http://agendaschile.cl/1225-dte37648-941-447-0931-dating-chat-line-history.html investigate this site Named Storm Barry 2019 – intensified from the low pressure area in the Gulf of Mexico referred to as Invest 92-L. This is a particularly dangerous storm because of it’s close proximity to land. Barry has the potential to bring up to 24 inches of rain to areas from the Alabama-Mississippi line to east Texas. All persons in southwestern Mississippi and southern Louisiana are at risk for flash flooding and river flooding. Storm surges could exceed the height of the levees near and in New Orleans. It is imperative that persons in the path of this dangerous storm follow all orders from the National Hurricane center, local Emergency Operations Centers and local officials – including evacuation orders.
you can try these out UPDATE: Friday, July 12, 2019 @ 11:45 AM EDT – Maximum sustained winds at just over 67 MPH with gusting to 78 near the center of the low pressure area. NHC is once again projecting hurricane status before landfall early Saturday. Storm surge advisories and flash flood alerts are in place from south central Mississippi to the Louisiana-Texas line. This dangerous storm has the potential to produce 15 to 25 inches of rain in places where the ground is already saturated. This may cause tree instability and with heavy winds expected, power outages will be taking place.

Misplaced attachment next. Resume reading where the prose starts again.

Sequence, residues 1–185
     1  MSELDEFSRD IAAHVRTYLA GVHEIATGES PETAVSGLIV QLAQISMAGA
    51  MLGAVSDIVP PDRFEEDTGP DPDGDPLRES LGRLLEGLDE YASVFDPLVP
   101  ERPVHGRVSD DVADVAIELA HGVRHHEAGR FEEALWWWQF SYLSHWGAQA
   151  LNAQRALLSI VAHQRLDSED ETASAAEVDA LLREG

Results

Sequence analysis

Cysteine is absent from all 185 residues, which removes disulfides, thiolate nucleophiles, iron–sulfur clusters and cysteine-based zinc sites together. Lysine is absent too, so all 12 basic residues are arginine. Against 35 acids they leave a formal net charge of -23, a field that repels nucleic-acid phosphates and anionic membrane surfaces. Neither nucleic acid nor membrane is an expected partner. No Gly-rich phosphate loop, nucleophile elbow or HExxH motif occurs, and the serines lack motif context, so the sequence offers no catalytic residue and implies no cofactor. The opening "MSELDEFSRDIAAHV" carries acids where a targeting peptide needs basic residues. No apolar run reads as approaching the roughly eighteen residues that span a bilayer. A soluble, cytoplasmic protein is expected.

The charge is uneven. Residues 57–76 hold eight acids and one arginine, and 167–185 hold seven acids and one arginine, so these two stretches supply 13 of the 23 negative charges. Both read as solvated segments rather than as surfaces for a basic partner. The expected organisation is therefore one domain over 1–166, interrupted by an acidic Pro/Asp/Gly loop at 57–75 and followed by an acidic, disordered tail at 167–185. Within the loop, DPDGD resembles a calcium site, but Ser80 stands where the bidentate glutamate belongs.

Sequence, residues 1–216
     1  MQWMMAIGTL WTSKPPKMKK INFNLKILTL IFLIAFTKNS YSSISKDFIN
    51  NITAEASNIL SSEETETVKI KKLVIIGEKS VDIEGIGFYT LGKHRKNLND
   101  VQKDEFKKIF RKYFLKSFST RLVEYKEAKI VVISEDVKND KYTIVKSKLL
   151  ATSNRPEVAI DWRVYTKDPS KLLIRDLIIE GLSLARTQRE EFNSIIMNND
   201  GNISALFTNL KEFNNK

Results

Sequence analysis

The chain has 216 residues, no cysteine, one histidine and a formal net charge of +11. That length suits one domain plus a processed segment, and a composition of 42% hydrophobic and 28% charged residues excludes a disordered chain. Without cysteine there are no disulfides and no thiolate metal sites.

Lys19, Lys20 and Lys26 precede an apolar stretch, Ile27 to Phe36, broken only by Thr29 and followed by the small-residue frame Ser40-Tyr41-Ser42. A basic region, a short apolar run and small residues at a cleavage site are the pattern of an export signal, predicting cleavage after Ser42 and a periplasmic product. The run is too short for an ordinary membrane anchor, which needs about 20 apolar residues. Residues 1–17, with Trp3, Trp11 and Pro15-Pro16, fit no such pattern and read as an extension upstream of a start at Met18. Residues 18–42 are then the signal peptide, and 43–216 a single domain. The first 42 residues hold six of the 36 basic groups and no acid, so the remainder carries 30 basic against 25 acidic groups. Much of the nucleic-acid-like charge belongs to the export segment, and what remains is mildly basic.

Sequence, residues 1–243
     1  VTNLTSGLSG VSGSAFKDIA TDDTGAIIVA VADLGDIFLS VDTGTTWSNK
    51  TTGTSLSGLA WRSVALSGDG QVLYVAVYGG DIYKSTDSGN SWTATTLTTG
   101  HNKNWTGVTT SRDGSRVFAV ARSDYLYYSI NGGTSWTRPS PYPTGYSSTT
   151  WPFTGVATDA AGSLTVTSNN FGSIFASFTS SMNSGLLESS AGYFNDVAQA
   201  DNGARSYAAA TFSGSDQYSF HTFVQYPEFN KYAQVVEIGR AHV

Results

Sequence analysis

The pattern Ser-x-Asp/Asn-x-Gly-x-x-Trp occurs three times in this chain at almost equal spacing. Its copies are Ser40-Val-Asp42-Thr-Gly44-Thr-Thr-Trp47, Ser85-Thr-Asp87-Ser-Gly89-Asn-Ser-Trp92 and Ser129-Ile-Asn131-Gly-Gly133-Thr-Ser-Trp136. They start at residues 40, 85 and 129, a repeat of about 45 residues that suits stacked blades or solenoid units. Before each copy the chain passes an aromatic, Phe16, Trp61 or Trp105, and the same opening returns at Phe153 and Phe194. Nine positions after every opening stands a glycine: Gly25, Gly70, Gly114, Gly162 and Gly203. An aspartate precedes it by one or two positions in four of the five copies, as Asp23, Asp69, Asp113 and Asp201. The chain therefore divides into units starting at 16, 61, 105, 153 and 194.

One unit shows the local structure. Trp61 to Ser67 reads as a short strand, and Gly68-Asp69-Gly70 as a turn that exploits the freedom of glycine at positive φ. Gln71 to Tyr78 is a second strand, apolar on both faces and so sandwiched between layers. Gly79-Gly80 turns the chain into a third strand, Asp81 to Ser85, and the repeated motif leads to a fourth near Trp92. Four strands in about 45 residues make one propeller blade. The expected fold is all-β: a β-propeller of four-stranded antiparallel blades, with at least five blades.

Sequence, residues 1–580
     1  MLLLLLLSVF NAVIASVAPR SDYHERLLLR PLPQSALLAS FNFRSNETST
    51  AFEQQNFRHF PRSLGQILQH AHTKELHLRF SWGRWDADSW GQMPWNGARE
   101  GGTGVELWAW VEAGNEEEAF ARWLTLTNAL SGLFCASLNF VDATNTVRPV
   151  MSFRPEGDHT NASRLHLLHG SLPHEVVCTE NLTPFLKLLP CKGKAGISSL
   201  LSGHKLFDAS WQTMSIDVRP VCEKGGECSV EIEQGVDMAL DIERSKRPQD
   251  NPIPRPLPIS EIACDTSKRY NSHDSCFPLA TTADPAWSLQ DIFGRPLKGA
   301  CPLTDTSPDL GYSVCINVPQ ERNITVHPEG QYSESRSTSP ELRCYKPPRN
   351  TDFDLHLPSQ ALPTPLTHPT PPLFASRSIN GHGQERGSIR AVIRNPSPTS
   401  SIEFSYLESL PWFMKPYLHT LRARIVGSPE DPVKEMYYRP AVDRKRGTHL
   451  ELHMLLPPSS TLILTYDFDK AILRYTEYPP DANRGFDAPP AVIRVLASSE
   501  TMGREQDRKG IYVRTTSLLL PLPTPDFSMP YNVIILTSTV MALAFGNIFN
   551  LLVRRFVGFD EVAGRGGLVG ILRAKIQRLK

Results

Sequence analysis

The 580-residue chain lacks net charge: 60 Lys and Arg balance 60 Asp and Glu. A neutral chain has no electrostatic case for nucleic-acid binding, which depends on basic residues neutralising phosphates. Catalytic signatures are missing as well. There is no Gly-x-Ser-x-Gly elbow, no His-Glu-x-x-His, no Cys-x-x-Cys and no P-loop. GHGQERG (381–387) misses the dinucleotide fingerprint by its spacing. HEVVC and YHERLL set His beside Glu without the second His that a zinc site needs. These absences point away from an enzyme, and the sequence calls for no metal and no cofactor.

For official watches and warnings, visit the NHC website:
“These are not official advisories. These updates and advisories are based upon information from our own computer models, NOAA, Local Weather Data Centers, deep water Buoy Data, and other publicly available sources. FOR THE SAFETY OF YOUR PROPERTY AND PERSON, please refer to your Local, State, and Federal Authority updates for Official Advisories and Orders. For up to the minute advisories and official updates, it is essential that you monitor your local Emergency Government, NOAA and Local Media Broadcasts. Please do not make personal safety decisions based upon information presented here.”
Tropical Storm Research Center, Gulf Shores, Alabama